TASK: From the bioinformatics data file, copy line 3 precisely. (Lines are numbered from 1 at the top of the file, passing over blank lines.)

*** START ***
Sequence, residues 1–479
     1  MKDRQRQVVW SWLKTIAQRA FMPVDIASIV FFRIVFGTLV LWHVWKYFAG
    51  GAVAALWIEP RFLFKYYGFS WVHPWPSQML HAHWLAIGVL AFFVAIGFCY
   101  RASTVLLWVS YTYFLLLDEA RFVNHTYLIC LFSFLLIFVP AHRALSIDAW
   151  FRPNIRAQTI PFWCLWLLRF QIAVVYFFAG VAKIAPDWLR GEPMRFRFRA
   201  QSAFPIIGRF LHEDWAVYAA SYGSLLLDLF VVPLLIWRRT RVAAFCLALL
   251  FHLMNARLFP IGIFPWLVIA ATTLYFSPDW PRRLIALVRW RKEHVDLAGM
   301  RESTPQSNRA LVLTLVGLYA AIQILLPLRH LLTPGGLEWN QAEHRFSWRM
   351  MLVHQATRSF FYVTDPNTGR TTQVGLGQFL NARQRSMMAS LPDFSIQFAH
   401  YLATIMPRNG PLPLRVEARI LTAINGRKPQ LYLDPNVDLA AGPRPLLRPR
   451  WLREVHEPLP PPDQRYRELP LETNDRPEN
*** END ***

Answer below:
    51  GAVAALWIEP RFLFKYYGFS WVHPWPSQML HAHWLAIGVL AFFVAIGFCY